Last fall I installed an exterior door for some very nice folks that just bought a house. I’ve hung a lot of doors over the years, some go well and others don’t. This one took me 17 hours, but it went about as well as you can imagine – considering I had to replace a door that swung out with one that swung in. You might say “So what? How could it take so long?”
Exterior doors in houses always swing in. There are a few reasons for this, with security being the most important. Imagine if the hinges were on the outside of your door…
Typically you will see outswing exterior doors on sheds and storage, not out to the deck from your kitchen. The way the jamb legs are milled creates a problem with the existing trim, both inside and out, because it’s thicker to the outside. This means the trim on the inside of the house needs to be removed and cut shorter, and the outside vinyl had to be meddled with.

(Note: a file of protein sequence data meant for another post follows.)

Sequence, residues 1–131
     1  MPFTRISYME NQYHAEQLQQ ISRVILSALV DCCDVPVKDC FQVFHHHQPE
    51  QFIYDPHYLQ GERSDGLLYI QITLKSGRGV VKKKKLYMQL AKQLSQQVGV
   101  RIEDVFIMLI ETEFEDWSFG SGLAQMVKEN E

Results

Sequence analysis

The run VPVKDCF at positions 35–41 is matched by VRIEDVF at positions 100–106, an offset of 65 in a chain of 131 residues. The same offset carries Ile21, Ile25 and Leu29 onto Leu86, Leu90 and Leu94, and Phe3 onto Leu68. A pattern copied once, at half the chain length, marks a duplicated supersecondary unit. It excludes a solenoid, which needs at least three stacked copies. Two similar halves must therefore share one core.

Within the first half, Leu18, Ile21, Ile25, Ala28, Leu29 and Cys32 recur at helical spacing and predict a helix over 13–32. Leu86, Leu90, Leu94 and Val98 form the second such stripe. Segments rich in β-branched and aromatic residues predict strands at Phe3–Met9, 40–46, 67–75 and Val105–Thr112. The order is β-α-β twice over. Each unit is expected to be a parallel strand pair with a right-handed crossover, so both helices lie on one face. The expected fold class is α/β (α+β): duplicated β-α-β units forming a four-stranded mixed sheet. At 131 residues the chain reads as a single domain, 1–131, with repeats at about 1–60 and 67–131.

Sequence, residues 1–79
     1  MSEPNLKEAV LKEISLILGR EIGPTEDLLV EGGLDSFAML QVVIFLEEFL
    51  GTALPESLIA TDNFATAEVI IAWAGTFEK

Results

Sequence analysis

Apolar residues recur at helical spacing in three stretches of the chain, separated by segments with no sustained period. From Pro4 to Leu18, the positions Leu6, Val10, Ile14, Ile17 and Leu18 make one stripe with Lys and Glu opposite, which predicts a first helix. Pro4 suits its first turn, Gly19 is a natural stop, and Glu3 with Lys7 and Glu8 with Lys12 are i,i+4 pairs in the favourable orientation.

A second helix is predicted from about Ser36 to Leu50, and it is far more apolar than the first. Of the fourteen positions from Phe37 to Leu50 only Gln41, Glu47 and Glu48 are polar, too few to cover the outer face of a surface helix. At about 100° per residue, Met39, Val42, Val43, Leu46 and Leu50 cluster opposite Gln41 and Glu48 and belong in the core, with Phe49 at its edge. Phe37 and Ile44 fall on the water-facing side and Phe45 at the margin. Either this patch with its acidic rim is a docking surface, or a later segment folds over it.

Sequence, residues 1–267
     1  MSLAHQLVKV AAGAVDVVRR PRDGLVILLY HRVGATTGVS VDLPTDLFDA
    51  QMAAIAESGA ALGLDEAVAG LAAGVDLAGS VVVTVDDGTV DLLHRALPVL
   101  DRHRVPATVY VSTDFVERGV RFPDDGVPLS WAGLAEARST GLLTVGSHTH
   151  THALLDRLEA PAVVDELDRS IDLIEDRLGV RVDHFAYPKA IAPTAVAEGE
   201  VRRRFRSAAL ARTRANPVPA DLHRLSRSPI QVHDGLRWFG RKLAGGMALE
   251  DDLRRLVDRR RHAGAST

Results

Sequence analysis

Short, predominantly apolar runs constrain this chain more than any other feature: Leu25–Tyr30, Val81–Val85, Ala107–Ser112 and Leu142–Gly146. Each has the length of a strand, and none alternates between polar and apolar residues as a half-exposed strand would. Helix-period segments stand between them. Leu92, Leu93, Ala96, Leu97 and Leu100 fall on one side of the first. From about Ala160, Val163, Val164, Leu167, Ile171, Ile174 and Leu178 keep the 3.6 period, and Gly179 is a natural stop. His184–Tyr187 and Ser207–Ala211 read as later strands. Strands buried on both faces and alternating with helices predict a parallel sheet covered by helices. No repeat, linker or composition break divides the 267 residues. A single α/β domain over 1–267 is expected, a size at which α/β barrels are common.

I was talking to a friend about this when he asked me if I would install a new front door for him. I didn”t know at the time, but I would be working on his house for the next two months. During that time I installed the door, new countertops and sink, new floors in two rooms, tongue and groove pine on the ceiling and stained base trim and quarter-round throughout the first floor.
Next time, I’ll show you the new countertops and tell you about the Great Chiseling.